It's time for Aprilia to get serious, which, in MotoGP, means starting to put a spoke in the wheels of the Ducati-Honda-Yamaha trio that currently leads the way in the reigning class. No easy task, but slowly and surely the Noale team is getting there, having taken big steps forward in recent years.
The RS-GP has reached a good level but it's still not enough and the guys in Noale, headed up by Albesiano, have used the winter to refine the new bike.
“We believe we have cards to play - confirms the Italian engineer during an interview published in Italy's Corriere dello Sport - Don't expect a revolution but an evolution, we haven't turned anything upside down”.
Logical, considering the RS-GP is still a young bike with significant room for improvement. This doesn't meant that Aprilia has simply settled for making a few retouches though.
“Practically no piece is the same as its 2017 version - points out Albesiano - Engine, cooling system, frame, carbon swing-arm, even the aerodynamics have been revised ahead of a more radical change that we're working on. We've focused on all aspects, using the ideas we developed during 2017”.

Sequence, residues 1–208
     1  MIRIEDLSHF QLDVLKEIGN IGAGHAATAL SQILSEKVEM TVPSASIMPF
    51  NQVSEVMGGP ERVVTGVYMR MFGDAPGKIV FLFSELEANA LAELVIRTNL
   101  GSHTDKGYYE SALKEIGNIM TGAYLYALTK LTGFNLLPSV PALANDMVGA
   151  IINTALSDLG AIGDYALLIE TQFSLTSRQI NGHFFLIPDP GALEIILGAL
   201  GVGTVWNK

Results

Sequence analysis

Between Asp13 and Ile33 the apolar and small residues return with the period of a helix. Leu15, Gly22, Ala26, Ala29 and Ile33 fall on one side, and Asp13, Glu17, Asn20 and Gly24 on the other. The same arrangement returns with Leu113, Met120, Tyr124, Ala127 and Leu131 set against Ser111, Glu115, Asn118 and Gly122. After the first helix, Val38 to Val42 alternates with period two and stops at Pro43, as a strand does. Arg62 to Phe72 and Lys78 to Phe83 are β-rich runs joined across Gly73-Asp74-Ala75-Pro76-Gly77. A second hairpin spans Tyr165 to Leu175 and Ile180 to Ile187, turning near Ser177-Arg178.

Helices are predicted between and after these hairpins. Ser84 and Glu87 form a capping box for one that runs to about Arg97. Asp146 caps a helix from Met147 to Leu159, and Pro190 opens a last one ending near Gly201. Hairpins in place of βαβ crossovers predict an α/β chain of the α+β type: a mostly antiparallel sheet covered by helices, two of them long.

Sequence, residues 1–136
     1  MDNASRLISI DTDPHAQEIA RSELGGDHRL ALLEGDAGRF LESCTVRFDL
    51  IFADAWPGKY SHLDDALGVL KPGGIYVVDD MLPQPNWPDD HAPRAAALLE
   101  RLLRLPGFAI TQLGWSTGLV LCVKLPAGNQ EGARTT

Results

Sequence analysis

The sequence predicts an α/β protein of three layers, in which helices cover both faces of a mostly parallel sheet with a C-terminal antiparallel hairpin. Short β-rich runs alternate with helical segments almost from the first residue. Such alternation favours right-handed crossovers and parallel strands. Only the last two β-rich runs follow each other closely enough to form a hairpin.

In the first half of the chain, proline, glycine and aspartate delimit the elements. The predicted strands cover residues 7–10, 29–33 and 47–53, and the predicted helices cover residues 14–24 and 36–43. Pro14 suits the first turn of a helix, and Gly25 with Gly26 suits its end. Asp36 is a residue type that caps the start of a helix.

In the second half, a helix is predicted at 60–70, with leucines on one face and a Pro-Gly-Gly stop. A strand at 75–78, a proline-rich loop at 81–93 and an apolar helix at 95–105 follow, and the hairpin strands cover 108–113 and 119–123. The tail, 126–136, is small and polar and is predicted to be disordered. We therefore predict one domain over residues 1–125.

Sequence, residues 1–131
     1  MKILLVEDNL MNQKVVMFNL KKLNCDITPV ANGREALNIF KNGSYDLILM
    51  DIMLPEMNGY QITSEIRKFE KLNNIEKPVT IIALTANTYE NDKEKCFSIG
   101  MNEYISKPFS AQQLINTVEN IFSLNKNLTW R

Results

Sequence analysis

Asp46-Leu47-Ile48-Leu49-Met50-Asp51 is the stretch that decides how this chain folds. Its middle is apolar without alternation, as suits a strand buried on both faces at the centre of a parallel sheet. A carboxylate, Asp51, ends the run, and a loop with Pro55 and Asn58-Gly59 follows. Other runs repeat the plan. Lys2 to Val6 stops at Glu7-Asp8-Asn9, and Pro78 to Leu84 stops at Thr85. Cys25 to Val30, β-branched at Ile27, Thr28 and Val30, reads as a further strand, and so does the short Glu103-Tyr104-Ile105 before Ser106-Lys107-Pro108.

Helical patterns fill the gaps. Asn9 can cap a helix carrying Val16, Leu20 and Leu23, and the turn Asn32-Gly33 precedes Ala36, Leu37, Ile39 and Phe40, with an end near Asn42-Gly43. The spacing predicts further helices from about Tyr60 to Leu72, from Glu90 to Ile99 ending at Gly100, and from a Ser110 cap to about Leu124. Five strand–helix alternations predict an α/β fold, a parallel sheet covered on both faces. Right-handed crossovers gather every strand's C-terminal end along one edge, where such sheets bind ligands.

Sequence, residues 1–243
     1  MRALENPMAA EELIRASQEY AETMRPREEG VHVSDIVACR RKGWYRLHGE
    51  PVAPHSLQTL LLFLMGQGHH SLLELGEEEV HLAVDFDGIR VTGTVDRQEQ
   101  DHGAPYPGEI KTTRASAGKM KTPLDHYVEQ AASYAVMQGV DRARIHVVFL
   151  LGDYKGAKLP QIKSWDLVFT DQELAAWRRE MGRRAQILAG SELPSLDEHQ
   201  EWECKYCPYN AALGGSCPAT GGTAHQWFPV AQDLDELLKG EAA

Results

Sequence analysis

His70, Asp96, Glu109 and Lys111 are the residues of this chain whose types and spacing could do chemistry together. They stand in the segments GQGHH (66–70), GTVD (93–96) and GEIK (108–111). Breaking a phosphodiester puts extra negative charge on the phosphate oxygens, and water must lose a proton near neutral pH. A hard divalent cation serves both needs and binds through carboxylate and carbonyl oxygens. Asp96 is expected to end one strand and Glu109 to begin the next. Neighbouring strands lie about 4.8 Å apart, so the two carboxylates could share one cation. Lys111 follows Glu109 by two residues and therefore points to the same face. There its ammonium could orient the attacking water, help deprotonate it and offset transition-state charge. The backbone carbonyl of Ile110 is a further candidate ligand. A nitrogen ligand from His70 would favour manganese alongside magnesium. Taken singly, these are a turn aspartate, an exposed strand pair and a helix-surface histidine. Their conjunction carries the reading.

We need to wait a few more days before we see it, at the Sepang tests in fact, taking place from 28 to 30 January. The aim, of course, is to start from the solid performance seen towards the end of 2017 and to improve from there.
To do so, Albesiano will play all his cards, even though it's often said that Aprilia has less than its rivals, 'less' referring to available budget.
“I don't know our rivals' budgets, but I'm happy with ours. We have a strong team, excellent technicians and the means to achieve our goals. Then of course it's only logical that everyone would like a bigger budget”.
And if you could steal something from them?
“I'd like their experience, we're in only our third year in MotoGP - he replies - I wouldn't take their components though, to reach the top you need to learn things the hard way, it's important to have time to grow ”.
Albesiano, as a technician, has another dream.
“A regulation that is more open with regard to certain aspects of production, like riding aids or the electronics applied. If this were to happen though, everything we've done to lower costs and level performance would be lost though. In the end, you have to find the right compromise between cost and research” he concludes.